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Whoops Apocalypse

1 9 8 2 (UK)
6 x 30 minute episodes

Whoops Apocalypse painted a frightening but fantastic picture of international politics and brinkmanship, as lunatic world leaders made awesome decisions with nary a prior thought but with devastating effect.

As such, it was then, and remains, an extraordinary sitcom – topical, anarchic, inspired, alternative – of a kind and style familiar, perhaps, to viewers of BBC2 or the emerging Channel 4, but a real departure for ITV.

In Whoops Apocalypse, as in then ‘real’ life, the balance of world power is held by the leaders of Russia (the ageing Dubienkin) and the United States.


The American president, much despised in his home country and cravenly seeking restoration of his popularity, happens (no coincidence, obviously) to be a former screen actor, the recently lobotomised Johnny Cyclops.

Stranded in the middle of the pair is the lame, moronic British PM, Kevin Pork, aided by his Foreign Secretary (Dave) and Chancellor of the Exchequer (Brian). Also queering the picture is the mad master-of-disguise Lacrobat – the world’s most hunted international terrorist and nuclear-bomb-stealer – and, perhaps most frighteningly of all, the Deacon – the fanatical, God-fearing American security adviser, a man who believes he has a direct hotline to the deity (at the time, although Whoops Apocalypse authors Marshall and Renwick claimed prior ignorance of the fact, the US security adviser, General Haig, was known within White House circles as “the Vicar”.)

All the while, the Shah of Iran has been deposed and secret Western attempts to restore his brother to power fail to amount to much (at one point, he is stuck on a cross-channel ferry).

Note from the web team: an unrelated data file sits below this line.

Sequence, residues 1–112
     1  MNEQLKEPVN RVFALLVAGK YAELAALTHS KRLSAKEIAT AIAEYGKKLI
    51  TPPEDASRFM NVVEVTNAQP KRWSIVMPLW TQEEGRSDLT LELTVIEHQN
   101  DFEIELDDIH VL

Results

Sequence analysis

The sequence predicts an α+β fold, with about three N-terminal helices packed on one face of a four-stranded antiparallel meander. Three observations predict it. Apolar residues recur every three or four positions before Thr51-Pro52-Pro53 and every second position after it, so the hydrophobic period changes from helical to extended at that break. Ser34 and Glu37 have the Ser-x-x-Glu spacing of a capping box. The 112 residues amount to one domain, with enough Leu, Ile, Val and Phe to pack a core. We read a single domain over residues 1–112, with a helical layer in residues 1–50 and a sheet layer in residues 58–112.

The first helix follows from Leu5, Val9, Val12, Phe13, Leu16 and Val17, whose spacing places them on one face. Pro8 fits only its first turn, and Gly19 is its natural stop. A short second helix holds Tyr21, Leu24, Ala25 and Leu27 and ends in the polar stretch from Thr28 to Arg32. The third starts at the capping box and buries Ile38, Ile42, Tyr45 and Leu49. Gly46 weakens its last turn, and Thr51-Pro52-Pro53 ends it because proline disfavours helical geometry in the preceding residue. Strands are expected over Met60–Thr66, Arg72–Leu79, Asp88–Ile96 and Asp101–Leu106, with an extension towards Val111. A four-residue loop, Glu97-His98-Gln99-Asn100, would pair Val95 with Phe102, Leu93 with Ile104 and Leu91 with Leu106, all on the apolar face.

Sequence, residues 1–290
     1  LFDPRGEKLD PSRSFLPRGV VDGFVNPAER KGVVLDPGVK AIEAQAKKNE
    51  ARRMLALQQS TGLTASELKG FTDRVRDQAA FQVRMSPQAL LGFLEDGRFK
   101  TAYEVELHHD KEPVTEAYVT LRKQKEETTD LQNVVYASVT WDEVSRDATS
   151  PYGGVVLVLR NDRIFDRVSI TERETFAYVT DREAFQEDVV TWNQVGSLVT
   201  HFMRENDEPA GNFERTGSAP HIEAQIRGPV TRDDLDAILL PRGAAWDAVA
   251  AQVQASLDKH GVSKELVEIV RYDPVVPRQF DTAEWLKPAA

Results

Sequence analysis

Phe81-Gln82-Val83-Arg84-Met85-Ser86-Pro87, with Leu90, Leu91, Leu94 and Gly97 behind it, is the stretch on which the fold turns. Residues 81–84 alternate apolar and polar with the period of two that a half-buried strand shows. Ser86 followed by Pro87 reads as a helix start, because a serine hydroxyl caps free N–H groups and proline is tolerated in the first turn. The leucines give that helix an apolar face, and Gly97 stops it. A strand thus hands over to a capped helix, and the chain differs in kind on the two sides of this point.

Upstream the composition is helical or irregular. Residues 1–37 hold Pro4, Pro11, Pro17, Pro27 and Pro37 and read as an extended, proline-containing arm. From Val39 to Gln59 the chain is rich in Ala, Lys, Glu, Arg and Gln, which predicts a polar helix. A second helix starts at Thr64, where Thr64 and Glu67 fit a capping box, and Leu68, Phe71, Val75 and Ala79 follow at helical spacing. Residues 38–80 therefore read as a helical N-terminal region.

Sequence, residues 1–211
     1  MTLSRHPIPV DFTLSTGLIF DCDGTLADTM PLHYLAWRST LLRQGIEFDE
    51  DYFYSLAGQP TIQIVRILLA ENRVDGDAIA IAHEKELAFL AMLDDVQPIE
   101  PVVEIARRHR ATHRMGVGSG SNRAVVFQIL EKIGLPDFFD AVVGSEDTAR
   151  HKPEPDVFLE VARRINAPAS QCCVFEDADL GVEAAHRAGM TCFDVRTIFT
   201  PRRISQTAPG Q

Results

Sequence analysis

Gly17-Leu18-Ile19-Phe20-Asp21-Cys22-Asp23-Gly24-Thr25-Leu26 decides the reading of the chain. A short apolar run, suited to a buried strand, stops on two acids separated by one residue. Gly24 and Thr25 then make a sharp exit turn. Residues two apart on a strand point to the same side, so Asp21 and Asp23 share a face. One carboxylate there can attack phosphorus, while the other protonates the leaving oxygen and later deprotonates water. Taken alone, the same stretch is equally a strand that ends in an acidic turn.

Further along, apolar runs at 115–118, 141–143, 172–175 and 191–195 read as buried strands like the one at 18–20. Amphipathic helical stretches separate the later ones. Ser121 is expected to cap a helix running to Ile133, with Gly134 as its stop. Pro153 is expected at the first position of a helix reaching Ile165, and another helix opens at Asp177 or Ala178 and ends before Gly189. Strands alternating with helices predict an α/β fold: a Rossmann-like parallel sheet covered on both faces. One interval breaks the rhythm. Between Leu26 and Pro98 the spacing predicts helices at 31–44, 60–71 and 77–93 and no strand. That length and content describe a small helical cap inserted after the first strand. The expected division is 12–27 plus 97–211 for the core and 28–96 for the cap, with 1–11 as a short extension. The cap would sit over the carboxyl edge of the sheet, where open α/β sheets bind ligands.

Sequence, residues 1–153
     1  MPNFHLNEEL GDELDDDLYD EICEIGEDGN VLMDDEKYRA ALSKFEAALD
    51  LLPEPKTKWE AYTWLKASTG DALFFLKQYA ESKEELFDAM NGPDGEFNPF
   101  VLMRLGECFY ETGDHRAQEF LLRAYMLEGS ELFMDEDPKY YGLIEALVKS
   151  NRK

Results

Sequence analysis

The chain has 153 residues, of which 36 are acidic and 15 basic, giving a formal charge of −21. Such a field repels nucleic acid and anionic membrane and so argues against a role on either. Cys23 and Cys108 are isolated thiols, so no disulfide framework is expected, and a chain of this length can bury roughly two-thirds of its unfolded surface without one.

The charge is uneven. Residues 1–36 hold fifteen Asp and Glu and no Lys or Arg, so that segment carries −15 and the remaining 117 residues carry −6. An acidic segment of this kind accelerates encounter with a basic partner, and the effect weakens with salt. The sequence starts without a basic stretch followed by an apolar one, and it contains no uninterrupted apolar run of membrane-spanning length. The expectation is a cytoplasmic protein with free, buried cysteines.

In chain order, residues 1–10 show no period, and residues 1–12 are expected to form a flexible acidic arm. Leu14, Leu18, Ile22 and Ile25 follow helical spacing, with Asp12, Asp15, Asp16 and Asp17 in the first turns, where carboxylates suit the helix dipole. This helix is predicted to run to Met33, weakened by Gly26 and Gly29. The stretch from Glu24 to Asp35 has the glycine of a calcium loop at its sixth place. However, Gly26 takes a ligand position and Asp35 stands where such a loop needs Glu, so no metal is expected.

Disastrously, in the final episode, a Quark nuclear bomb accidentally destroys Israel, sending the planet cascading towards the Third World War and nuclear holocaust.


The casting of Whoops Apocalypse was exceptional: the players included John Cleese (as Lacrobat) appearing in his only sitcom outside of his own Fawlty Towers, John Barron and Geoffrey Palmer from The Fall And Rise Of Reginald Perrin, Richard Griffiths, Peter Jones, David Kelly, Ed Bishop, Bruce Montague, Richard Davies, Barry Morse and, from the new so-called ‘alternative comedy’ movement, Rik Mayall (who appeared in one episode) and Alexei Sayle.

It might just be stretching belief to suggest that every one of these and the remainder of the huge cast understood all that was going on in their scripts, for certainly much of the series left viewers baffled, but, then again, since the world has always been governed by decisions of uncomprehending madness then the sitcom was merely an exaggerated but otherwise accurate reflection of the fact.

A less impressive feature film version of Whoops Apocalypse was released in 1987 (director Tom Bussmann), again scripted by Marshall and Renwick and featuring a stellar cast, including Loretta Swit, Peter Cook, Michael Richards, Alexei Sayle, Rik Mayall, Ian Richardson, Herbert Lom, Richard Wilson, Graeme Garden, John Sessions and Richard Murdoch.

President Johnny Cyclops 
Barry Morse 
The Deacon 

John Barron 
Premier Dubienkin 

Richard Griffiths
Commissar Solzhenitsyn 

Alexei Sayle
Kevin Pork, PM 

Peter Jones
Dave – Foreign Secretary 

Geoffrey Palmer 
Brian – Chancellor of the Exchequer 

Richard Davies 
Shah Mashiq Rassim 

Bruce Montague 

John Cleese 
Jay Garrick 

Ed Bishop

David Kelly 
Lt Botko 

Roger Phillips
Jonathan Hopper 

John Barrard 
Martha Hopper 

Nellie Hanham 

Sarah Whitlock 
Newsreader Jay Garrick 

Ed Bishop 
Admiral Blinsky 

George Claydon

Gabor Vernon 

Frank Duncan
Jeb Grodd 

Lou Hirsch 
Dr Weinigger 

Olivier Pierre

John Sterland